Like many choral singers, I grew up with the sounds of Messiah– singing famous choruses here and there, attending annual performances at Christmas, listening to the latest recording. Our family’s Messiahtradition goes back at least to my great grandmother who was taught piano and singing in Newcastle, Britain, more than a century ago. We still have her Novello score, with her markings in the alto arias which she sang as a soloist with various choral societies. 

Sam Allchurch. Photograph © Nick Gilbert

For a young conductor, setting out to conduct Handel’s Messiahfor the first time is at once the most obvious and the most terrifying thing to do. For me, it’s music that feels both comfortable because it’s so familiar and remote because it’s such a monumental work.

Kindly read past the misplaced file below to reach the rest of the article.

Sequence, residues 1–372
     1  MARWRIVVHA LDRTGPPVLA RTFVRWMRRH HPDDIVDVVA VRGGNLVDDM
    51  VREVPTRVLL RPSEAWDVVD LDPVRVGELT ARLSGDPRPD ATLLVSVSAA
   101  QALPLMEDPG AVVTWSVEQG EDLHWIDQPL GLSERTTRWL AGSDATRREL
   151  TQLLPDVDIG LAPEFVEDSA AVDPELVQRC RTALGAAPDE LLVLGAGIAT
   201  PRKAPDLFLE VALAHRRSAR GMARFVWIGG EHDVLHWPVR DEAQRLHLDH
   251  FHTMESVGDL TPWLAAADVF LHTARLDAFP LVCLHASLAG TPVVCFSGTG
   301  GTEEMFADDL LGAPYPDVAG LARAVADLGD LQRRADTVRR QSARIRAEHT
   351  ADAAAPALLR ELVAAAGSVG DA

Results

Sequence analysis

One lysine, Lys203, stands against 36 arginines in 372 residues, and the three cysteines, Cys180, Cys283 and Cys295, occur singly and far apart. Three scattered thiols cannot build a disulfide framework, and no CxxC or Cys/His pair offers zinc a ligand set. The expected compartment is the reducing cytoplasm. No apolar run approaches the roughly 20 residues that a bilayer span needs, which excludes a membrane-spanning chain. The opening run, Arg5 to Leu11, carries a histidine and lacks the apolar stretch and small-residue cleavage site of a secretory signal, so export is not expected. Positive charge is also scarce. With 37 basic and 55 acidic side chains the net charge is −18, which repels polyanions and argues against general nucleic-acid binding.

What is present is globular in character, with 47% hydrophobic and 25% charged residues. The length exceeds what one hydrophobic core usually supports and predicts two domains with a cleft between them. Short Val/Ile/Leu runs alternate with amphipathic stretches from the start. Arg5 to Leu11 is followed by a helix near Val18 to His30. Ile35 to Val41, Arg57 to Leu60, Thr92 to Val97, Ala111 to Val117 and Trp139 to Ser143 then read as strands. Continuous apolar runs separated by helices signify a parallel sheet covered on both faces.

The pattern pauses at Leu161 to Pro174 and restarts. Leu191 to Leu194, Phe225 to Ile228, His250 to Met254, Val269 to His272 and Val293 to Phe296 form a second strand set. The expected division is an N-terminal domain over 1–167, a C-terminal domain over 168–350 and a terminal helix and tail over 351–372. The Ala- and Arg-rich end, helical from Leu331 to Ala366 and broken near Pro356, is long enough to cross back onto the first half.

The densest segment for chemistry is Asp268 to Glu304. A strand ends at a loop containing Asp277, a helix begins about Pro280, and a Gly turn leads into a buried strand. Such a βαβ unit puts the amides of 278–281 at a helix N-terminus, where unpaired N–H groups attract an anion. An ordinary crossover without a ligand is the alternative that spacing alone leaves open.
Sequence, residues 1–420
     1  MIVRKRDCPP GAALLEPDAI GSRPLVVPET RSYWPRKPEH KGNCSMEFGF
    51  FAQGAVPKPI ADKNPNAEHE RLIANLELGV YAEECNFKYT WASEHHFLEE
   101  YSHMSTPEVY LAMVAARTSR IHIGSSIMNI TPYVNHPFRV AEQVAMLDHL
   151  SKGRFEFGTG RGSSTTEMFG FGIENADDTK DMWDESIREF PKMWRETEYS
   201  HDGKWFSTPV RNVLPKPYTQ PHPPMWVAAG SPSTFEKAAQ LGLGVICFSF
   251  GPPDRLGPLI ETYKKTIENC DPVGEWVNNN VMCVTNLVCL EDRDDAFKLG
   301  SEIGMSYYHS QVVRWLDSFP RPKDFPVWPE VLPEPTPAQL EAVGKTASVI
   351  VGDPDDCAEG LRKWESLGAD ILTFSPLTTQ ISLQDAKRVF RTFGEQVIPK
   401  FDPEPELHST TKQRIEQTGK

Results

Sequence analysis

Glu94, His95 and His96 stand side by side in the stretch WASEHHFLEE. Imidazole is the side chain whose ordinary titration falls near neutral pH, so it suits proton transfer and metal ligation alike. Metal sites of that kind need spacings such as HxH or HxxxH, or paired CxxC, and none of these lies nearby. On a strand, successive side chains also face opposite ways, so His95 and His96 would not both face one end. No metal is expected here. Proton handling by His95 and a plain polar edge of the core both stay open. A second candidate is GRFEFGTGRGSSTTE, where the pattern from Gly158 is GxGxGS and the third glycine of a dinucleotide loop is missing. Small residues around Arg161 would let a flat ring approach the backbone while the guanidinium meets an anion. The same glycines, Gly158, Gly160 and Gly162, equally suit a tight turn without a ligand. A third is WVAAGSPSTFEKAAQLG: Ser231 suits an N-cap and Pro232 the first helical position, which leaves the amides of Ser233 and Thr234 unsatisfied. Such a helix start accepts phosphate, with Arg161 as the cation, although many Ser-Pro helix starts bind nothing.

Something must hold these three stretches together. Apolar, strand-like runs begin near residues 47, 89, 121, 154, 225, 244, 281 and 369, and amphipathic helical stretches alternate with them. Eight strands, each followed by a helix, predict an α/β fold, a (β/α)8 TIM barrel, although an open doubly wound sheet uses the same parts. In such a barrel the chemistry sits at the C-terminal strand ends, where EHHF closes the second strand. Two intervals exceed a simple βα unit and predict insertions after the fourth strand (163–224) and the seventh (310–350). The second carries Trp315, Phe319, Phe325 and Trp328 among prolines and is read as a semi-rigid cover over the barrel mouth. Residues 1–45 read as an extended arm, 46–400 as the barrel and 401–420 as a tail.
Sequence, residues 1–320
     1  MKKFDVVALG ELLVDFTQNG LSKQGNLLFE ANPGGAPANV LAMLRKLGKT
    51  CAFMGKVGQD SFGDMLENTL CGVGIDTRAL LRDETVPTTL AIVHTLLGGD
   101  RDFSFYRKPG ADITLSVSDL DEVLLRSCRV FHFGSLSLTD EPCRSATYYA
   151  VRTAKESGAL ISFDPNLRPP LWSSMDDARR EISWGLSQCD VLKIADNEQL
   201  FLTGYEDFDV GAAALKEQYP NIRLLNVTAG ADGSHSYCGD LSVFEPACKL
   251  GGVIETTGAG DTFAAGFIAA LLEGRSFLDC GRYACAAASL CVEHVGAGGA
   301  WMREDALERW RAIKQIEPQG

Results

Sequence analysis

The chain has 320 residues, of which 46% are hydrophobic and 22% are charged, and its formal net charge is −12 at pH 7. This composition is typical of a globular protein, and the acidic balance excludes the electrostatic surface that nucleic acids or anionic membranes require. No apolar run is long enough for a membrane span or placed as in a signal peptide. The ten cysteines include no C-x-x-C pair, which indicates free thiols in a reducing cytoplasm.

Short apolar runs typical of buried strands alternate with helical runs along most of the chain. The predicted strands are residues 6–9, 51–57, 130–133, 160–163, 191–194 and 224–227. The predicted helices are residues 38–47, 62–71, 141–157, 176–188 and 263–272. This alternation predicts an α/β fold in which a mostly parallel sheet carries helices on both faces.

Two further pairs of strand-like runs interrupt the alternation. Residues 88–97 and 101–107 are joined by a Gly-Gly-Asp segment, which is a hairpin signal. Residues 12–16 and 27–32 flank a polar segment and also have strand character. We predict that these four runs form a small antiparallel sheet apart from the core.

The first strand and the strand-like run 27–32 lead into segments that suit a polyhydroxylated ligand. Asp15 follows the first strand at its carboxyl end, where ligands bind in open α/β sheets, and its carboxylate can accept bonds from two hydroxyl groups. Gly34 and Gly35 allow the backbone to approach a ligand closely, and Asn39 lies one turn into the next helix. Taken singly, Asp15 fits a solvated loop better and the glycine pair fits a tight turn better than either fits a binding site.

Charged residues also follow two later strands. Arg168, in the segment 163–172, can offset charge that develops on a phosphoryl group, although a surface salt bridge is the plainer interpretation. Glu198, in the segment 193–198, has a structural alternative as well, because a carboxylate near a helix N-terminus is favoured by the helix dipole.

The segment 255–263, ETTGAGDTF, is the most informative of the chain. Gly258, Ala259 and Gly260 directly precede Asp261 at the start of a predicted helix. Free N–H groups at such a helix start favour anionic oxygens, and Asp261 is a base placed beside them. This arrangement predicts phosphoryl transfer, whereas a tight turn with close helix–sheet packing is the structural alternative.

Unlike the music of Bach, Handel’s music never needed a revival because it never went out of fashion. At the first performance of Messiah, there was a choir of some 20 to 30 singers and a modest orchestra. Within years of the composer’s death in 1759, large scale performances of Messiahwere being staged in his memory (notably at the Handel festival of 1784 in Westminster Abbey...

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